I stumbled upon an online story a couple of months ago through one of the digital fiction feeds I actually pay attention to. It was a really fun, neat little story, and I subscribed to the author’s feed because I wanted to read more of his work.
That first story was completely free online and on various readers (Kindle included). It was a story that used elements of the new digital world, but was essentially a straightforward print story online. Nothing incredibly innovative, just good writing. It was fairly popular, though, to date generating 72 comments (not bad for a non-commercial, non-controversial post).
I didn’t get any further posts from that feed for quite some time. The second story that came out was under a different model – the Kindle version was for sale, and once 100 Kindle copies had sold, he would release the free online version. It took only a few days for the free version to go up.
After that, he began a new endeavor: a not-yet-written novel (novella, really) based on the first short story. He launched a project at Kickstarter, using a pledge system. If you’re interested in the project, you pledge $3/11/19/29/39 based on different package levels for the book. A $3 pledge would earn you a PDF of the book, an $11 pledge the PDF and hard copy, etc. He set a goal of $3500 by November – if the goal were raised, he’d start and finish the project. If not, no worries, for any party – he wouldn’t do the project, and the backers would not have to part with any money.
It’s the first time I’ve really seen a fiction writer guarantee themselves the cost of their work is covered, and indeed offering a profit. It’s also the first time I’ve seen a project like this offer different levels of satisfaction depending on pledge level.
For one thing, it significantly increases the readers’ eventual level of emotional investment in the final story. You were in on it from the beginning! Your pledge helped bring it into existence in the first place. As an investor, you are far more likely to talk about it to your friends, to post about it on FaceBook (and thus do the lion’s share of the word of mouth marketing that is so very important in start-up ventures). In fact, the $39 pledge level was the most frequently chosen – it includes several copies of the book, so you can give some to your friends. Brilliant. The fact that so many people went for this option over the much easier $3 or $11 levels shows that people want to be intimately involved in things like this.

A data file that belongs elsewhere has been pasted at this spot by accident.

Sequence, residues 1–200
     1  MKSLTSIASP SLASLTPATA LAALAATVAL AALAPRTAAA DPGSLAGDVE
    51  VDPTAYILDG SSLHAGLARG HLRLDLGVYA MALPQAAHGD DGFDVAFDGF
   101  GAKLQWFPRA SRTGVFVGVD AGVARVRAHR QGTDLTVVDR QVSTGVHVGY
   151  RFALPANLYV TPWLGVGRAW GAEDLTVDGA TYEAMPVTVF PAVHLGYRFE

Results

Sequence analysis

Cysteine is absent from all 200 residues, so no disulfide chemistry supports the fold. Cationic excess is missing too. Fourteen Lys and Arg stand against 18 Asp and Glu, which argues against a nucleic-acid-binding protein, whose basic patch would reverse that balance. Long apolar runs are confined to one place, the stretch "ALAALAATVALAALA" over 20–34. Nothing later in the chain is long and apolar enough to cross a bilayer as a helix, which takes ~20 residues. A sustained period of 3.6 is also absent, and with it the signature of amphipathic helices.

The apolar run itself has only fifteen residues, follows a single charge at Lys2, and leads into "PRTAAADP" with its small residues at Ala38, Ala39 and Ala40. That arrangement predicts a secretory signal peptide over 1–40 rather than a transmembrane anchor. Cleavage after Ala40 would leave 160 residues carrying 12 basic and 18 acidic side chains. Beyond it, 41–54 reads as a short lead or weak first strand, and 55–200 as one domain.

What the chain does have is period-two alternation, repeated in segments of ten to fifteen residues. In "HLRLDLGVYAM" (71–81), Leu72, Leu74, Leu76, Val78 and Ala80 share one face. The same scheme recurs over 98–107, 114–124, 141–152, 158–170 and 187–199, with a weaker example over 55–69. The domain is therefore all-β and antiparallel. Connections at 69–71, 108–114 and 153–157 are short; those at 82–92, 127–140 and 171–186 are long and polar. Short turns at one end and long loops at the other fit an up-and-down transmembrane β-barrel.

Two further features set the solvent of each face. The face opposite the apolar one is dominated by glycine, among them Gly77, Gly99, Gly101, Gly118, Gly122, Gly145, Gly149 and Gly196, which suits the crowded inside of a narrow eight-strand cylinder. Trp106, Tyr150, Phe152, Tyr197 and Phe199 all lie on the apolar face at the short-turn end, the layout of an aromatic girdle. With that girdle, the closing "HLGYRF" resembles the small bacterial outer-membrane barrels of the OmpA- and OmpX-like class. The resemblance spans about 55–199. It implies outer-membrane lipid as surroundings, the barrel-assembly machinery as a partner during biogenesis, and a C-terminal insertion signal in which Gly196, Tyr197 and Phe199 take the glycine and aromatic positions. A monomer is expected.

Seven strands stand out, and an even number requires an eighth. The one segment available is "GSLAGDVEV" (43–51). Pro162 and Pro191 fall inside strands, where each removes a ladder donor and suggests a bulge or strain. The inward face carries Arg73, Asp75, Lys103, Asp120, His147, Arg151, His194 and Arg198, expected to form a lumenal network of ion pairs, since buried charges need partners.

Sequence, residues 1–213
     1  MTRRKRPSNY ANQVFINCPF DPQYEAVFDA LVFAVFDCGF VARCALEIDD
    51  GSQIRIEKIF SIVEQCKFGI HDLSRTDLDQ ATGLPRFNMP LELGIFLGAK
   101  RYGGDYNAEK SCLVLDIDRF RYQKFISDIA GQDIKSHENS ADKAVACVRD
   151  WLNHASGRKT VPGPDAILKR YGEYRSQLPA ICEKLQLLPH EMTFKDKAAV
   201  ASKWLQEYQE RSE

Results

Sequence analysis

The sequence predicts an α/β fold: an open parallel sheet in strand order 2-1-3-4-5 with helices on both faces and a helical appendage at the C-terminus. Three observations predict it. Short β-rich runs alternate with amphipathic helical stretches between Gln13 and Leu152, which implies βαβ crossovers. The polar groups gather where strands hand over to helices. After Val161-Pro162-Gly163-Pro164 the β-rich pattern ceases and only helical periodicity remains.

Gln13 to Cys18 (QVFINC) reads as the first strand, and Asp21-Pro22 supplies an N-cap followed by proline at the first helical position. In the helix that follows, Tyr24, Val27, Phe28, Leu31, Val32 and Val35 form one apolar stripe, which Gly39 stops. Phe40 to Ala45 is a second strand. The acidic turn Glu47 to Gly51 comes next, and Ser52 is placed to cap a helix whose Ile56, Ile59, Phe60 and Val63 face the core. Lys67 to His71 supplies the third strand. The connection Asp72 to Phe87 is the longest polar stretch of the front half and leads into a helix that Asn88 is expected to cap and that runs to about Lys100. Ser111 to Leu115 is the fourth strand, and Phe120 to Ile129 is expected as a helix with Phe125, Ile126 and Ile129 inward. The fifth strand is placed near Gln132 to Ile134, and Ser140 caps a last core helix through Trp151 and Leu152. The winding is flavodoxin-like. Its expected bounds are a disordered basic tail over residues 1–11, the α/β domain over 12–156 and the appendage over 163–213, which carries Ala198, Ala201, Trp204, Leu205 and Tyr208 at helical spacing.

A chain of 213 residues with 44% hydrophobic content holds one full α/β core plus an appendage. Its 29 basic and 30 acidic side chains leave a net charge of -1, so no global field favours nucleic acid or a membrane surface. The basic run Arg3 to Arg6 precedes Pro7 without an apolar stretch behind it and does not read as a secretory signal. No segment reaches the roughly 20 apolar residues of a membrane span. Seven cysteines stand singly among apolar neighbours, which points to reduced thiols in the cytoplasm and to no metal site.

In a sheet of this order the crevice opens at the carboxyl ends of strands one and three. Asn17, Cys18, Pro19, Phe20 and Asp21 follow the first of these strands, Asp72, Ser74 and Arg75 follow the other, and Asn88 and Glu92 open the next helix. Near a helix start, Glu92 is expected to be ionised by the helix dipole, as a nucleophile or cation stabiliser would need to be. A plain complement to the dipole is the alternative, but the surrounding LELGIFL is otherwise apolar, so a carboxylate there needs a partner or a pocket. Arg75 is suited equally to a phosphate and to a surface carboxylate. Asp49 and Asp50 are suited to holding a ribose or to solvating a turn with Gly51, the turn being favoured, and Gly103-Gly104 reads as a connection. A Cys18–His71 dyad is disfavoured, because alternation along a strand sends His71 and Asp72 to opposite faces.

As an author, it gives you immediate feedback on your work, your relationship with your audience, your impact upon them. We spend so much time not knowing if anyone is interested in our work, if anything is really worth doing. This project shows the author, before he’s even started, that yes, this work is actually worthwhile.
It also skipps over the emotionally traumatizing agent/editor submission (and primarily, rejection) process. You go straight to your audience. Let’s face it, audiences are far more forgiving than agents and editors are (just look at Dan Brown’s novels and the success of G.I. Joe). Rather than filtering through a gatekeeper system (consisting of one, maybe two people who may or may not be in a good mood the day they read your work, or who may not share your tastes in genre, etc.), you go straight from author to reader. What could be better than that?
Furthermore, this takes the concept of self-publishing and adds some legitimacy to it. You didn’t write a book, get rejected from every agent and publisher in the world, and then decide to give them the middle finger and publish it anyway. You presented the concept to your readers, and they opened their wallets to support you. They gave money – that’s something that any agent or publishing company will pay attention to.
You’ll find that if you can get a legit publisher, almost any agent will take you on (with easy dollar signs in their eyes). I’d bet that if you show publishers your record of successful sales to readers, that would work just as well. After all, under this model, he’ll sell at least 1167 copies of his book, with no remainders (I assume a print-on-demand self-publishing model). When publishers put out a novel, they have no such 100% sales expectation.
Of course, there’s no reason he’d ever have to go to a publisher, unless he wants to, or unless his popularity grows to such a massive scale he actually needs the big boys to handle it. As an author, there’s nothing wrong with embracing this model as a long-term solution.
It’s definitely something I want to explore further, and maybe even try to implement myself. I’d like to see if other authors are trying this, and what level of success they are having. I’d like to see what other types of projects are working through this model, and what the reader reactions are. It’s a pretty wealthy area for paper topics and further discussion.
The only question is: will the final work be worth the pledge? I suppose we’ll find out.